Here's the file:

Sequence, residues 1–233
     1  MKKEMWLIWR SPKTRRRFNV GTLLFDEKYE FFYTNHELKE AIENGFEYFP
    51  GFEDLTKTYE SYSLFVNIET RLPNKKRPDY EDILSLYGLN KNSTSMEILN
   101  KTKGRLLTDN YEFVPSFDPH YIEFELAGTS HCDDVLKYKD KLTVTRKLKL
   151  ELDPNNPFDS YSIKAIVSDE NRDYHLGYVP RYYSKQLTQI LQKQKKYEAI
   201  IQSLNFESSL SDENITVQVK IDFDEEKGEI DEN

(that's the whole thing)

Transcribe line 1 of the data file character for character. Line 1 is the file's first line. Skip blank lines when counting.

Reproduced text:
Sequence, residues 1–233